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ERIC Number: ED429343
Record Type: Non-Journal
Publication Date: 1999-May
Pages: 3
Abstractor: N/A
Reference Count: N/A
Peer Review of Teachers. ERIC Digest, Number 126.
Hertling, Elizabeth
This digest examines peer review, focusing on how these types of reviews can improve teacher competence. Peer review is often linked to peer assistance, which helps new and veteran teachers improve their knowledge and skills. In peer-review programs, consulting teachers conduct formal evaluations and recommend whether the participating teacher should be retained or let go. Programs in Columbus and Toledo, Ohio, have shown that peer review not only helps schools retain teachers, it also provides ongoing evaluations for teachers. Some of the potential benefits of peer review include more teachers receiving help and more incompetent teachers being dismissed. Under peer review, teachers take a more active role in their progression, and teachers and principals can become allies in improving teaching standards. However, critics of peer review say that it presents legal problems for local union affiliates in that consulting teachers could be classified as supervisors and thus lose their bargaining-unit status. Those opposing peer review also claim that it does not address the real problems that lie behind teacher quality. Overall, the future of peer review remains uncertain; currently, only a handful of districts practice peer review, making it difficult to draw conclusions. (RJM)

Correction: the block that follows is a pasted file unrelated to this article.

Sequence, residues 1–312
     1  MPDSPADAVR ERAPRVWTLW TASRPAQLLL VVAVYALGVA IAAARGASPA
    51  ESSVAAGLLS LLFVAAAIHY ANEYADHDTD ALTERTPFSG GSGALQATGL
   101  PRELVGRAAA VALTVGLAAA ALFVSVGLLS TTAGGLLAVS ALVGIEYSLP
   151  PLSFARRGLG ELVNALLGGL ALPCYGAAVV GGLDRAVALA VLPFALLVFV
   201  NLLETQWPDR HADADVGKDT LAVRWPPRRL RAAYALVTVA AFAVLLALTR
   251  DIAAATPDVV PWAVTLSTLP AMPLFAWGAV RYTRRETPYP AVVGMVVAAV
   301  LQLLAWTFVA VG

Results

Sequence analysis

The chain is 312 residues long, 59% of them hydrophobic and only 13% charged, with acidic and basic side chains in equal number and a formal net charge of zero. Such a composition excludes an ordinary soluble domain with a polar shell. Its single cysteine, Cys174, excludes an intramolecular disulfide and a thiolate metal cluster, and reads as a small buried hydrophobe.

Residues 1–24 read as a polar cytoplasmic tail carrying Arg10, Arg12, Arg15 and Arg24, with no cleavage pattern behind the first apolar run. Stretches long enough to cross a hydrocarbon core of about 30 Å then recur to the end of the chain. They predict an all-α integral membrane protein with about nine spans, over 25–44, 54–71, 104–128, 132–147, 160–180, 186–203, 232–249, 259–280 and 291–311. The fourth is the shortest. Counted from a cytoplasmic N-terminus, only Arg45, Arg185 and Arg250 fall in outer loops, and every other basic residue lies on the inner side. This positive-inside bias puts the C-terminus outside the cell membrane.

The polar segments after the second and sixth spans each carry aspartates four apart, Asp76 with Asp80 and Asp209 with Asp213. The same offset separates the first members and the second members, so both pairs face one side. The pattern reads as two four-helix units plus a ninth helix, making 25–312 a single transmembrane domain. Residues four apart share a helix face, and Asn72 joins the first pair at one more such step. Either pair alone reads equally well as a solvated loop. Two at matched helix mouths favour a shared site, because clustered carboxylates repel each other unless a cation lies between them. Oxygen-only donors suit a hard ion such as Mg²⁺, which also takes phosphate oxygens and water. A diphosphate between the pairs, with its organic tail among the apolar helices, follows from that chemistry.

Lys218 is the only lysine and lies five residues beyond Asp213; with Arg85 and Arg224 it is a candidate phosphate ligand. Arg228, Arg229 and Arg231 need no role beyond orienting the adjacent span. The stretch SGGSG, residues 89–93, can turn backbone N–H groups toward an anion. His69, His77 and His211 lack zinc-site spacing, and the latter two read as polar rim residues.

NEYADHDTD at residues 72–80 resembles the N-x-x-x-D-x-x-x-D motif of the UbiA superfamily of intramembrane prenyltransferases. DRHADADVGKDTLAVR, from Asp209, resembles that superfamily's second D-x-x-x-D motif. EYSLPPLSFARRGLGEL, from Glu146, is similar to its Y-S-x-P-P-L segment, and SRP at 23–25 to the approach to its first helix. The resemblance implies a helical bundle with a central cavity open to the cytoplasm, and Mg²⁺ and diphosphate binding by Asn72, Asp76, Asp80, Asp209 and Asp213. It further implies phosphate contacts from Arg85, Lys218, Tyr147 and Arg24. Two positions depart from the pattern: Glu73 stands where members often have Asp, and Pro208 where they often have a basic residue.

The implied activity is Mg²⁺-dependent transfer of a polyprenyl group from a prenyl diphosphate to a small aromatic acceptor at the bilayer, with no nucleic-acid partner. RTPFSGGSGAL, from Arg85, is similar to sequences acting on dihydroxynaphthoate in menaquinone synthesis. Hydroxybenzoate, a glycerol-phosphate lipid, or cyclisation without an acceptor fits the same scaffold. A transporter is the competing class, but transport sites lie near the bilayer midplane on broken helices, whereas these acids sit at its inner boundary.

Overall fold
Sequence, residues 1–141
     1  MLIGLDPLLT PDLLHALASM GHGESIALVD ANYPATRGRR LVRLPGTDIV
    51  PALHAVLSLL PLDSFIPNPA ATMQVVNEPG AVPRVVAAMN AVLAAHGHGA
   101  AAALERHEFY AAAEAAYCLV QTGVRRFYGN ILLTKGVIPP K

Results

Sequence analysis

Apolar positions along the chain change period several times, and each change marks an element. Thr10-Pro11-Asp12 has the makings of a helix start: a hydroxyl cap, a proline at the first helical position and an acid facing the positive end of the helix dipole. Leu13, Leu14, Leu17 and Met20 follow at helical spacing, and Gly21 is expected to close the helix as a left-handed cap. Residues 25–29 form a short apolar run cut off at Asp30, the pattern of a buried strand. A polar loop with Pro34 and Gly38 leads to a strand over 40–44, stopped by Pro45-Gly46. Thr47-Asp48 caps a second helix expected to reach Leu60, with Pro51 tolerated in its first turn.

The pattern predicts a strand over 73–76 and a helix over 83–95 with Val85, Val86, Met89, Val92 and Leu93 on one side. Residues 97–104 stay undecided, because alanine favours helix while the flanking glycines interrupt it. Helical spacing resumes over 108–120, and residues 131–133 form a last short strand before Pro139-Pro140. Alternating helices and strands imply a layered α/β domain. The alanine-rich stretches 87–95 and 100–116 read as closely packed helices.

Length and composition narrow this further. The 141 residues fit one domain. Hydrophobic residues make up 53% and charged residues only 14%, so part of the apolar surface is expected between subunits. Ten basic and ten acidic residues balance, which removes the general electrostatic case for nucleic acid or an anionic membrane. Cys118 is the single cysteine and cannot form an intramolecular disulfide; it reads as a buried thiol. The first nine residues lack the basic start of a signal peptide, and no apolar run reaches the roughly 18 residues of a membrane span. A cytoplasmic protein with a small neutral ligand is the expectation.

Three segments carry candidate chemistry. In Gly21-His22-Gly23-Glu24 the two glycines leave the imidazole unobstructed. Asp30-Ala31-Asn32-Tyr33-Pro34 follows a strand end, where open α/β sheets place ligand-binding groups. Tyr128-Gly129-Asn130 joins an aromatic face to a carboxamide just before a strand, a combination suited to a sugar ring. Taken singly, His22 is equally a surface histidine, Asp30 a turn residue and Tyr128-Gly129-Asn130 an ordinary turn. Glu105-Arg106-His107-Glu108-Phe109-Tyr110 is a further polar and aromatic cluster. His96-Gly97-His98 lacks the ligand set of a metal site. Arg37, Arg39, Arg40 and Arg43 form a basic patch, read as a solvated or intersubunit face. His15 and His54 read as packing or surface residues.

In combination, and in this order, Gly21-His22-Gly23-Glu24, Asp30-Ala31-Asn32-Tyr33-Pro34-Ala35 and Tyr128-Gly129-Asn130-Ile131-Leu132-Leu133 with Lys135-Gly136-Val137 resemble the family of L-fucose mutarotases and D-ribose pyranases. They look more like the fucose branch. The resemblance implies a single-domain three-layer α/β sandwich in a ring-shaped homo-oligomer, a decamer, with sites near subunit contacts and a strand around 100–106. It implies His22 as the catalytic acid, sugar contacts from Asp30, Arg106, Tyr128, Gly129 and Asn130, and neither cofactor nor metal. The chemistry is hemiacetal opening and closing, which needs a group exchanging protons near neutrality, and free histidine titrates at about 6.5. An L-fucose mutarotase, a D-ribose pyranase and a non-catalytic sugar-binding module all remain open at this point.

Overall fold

ERIC Clearinghouse on Educational Management, 5207 University of Oregon, Eugene, OR 97403-5207.
Publication Type: ERIC Publications; ERIC Digests in Full Text
Education Level: N/A
Audience: N/A
Language: English
Sponsor: Office of Educational Research and Improvement (ED), Washington, DC.
Authoring Institution: ERIC Clearinghouse on Educational Management, Eugene, OR.